2 Pin Flat
In the high plains (1524m-1981m) the climate is temperate all year round. In lower areas the climate is semi-tropical. The mountains can be cool especially at night. In general, the dry season in Guatemala lasts from Nov - April. From May to October there are often fine mornings and clear evenings but afternoon rains tend to be heavy. The Peten lowlands tend to be rainy all year round though less so from February to April.
Catholic and Protestant
Placencia - Full day boat excursion to Laughing Bird Caye US$90-$110. Scuba diving available at approx US$75-125. San Ignacio - Caving/canoeing at Barton Creek, half day US$40; Guided botanical garden self guided tour plus 3hr canoe trip and lunch US$65 (full day); Botanical gardens without canoe trip US$40; Cahal Pech US$5 Tikal - 2nd visit to ruins US$21; Sunrise tour US$35; Visit the Island of Flores US$40 Caye Caulker - Snorkel / boat trip to Caye Caulker Marine Reserve US$50, Snorkel / Boat trip to Hol Chan Marine Reserve US$100, Scuba diving is approx US$120 for a single tank dive on barrier reef; Full day Manatee Search and Snorkel with BBQ lunch - US$140 (min 4 pers) Please note that credit card payment is available for certain optional excursions, but many must be paid for in cash (including those in Guatemala and the snorkelling on Caye Caulker).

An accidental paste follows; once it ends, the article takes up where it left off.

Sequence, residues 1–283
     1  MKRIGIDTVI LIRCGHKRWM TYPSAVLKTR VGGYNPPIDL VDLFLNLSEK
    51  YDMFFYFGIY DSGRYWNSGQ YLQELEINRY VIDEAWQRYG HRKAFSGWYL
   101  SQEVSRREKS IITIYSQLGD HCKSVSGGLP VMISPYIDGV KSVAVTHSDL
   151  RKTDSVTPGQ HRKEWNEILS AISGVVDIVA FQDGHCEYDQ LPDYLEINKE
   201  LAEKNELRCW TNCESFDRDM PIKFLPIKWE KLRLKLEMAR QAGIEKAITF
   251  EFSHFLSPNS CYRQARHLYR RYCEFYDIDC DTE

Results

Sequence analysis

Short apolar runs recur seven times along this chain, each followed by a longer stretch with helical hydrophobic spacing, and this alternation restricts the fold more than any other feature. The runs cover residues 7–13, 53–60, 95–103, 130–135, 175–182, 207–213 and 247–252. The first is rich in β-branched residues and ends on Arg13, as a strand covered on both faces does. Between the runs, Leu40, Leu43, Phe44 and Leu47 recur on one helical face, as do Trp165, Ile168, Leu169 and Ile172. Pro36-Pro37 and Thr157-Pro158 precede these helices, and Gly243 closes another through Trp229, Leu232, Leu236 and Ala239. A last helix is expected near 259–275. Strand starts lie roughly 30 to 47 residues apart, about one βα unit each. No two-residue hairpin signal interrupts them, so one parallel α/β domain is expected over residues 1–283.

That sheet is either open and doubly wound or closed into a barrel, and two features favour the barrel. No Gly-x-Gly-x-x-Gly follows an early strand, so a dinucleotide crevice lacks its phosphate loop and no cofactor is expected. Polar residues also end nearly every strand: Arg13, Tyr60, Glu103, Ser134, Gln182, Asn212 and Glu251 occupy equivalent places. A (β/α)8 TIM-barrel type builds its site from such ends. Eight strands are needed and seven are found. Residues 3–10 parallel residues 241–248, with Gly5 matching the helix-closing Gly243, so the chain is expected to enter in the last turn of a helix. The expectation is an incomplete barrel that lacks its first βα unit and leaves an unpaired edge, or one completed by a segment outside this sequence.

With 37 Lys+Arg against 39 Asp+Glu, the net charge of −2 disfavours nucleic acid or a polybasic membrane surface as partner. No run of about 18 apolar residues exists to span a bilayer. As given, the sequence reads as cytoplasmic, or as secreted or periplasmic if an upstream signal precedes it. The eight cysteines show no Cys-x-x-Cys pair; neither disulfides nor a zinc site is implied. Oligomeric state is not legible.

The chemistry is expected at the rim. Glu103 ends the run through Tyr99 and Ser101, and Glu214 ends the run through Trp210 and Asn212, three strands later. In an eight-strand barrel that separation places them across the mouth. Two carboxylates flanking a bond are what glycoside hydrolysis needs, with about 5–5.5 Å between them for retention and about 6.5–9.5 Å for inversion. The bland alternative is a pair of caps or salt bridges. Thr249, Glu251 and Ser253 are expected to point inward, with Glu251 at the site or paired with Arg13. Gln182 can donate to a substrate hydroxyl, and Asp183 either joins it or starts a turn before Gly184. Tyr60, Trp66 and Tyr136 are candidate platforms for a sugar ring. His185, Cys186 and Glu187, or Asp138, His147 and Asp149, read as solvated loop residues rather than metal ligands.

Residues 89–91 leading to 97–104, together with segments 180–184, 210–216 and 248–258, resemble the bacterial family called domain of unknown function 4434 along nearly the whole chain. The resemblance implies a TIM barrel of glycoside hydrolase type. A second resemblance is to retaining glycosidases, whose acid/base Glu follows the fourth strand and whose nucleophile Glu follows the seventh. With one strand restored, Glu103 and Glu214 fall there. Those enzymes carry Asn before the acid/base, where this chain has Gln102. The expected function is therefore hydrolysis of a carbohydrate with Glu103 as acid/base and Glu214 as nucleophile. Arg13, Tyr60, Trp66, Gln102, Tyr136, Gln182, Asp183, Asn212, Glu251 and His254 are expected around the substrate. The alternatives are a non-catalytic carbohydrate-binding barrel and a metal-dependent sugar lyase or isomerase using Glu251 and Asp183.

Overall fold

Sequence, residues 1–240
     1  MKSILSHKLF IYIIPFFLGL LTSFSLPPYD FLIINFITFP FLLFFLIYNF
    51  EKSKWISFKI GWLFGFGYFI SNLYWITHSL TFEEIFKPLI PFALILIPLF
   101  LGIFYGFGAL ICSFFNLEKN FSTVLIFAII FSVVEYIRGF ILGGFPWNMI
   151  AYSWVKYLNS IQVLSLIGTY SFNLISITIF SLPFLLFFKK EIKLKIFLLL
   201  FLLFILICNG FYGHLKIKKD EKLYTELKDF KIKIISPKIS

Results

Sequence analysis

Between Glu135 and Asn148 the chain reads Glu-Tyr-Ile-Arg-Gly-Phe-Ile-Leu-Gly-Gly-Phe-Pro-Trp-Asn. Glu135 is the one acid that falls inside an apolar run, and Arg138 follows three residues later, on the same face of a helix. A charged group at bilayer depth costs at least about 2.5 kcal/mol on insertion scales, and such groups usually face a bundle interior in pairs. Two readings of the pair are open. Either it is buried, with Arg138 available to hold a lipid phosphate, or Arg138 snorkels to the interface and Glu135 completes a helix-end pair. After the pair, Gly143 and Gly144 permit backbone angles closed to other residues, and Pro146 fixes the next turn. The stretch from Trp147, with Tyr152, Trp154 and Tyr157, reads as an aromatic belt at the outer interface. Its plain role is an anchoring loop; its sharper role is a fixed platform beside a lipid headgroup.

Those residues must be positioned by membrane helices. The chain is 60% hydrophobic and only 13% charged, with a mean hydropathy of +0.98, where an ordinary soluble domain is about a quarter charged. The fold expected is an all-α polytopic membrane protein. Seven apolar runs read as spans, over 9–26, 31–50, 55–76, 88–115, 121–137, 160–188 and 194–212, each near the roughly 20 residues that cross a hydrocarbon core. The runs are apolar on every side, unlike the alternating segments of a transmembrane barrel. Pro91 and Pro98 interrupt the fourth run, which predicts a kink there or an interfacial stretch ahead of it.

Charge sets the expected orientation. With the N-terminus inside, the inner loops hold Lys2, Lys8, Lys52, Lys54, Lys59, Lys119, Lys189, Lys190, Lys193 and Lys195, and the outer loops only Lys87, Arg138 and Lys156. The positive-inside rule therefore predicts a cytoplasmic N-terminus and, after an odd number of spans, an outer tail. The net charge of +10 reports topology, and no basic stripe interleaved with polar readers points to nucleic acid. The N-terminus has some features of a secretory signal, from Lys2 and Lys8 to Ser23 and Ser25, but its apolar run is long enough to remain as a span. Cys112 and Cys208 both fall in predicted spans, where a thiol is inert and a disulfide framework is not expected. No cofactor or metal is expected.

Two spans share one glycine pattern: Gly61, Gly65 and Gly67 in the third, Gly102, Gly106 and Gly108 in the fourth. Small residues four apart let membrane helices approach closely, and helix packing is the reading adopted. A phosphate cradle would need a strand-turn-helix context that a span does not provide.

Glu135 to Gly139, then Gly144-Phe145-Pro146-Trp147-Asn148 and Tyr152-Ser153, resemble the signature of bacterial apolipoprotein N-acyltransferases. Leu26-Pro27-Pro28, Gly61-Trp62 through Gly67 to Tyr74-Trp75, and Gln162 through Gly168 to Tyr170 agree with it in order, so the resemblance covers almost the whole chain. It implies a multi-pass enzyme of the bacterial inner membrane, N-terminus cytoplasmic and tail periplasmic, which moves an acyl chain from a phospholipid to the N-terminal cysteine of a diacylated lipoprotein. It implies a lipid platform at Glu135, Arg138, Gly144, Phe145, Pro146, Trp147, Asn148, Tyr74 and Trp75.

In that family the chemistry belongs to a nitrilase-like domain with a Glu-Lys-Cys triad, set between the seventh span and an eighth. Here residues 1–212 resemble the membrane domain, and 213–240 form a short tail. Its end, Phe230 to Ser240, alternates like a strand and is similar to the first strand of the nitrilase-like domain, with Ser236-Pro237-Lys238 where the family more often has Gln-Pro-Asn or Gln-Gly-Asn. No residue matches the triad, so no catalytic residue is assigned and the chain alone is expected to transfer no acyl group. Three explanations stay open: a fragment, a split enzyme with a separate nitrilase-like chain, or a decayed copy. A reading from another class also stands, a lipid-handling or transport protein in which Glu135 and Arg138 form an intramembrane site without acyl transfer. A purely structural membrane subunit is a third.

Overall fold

Bring lightweight, informal clothing. A jumper or fleece is advisable for cool evenings and you'll need a good waterproof jacket all year round or an umbrella. Long sleeved shirts and long trousers give protection against thick forest growth and insects on jungle walks. A swimming costume and sun hat are essential, and a snorkel rash guard shirt is strongly advised for snorkeling options.
Lightweight trail boots are preferable for jungle paths, and you'll want to bring sandals. Bring shoes you don't mind getting wet for exploring caves and wet beach landings.
One main piece of luggage and a daysack. Remember, you are expected to carry your own baggage so don't overload yourself.
Insect repellent, a torch, water bottle, and suncream. Binoculars are essential for bird watching.
During this trip we use a range of comfortable and locally-run hotels and lodges, perfectly located for exploring Belize's wild habitats. While two of our chosen options in Placencia and at the Crooked Tree Lagoon are much more simply furnished, with smaller rooms than other hotels, we opt to stay in these properties because of their fantastic locations. The Bird's Eye Lodge, used on most departures at Crooked Tree Lagoon, is in the heart of the Crooked Tree wetland habitat. The Sea Spray Hotel in Placencia is the only property here that has a prime location right on the beach. Don't go to this hotel expecting high-end facilities, but make the most of the Caribbean setting on the doorstep.
Can you drink the water?
The water quality is poor and therefore it is recommended to avoid drinking tap water during your trip.
We strongly recommend that you check your government's travel advisory for up-to-date information and advice about your destination: safety and security, entry requirements, health, local laws and customs. For UK citizens, check the latest Foreign, Commonwealth & Development Office advice.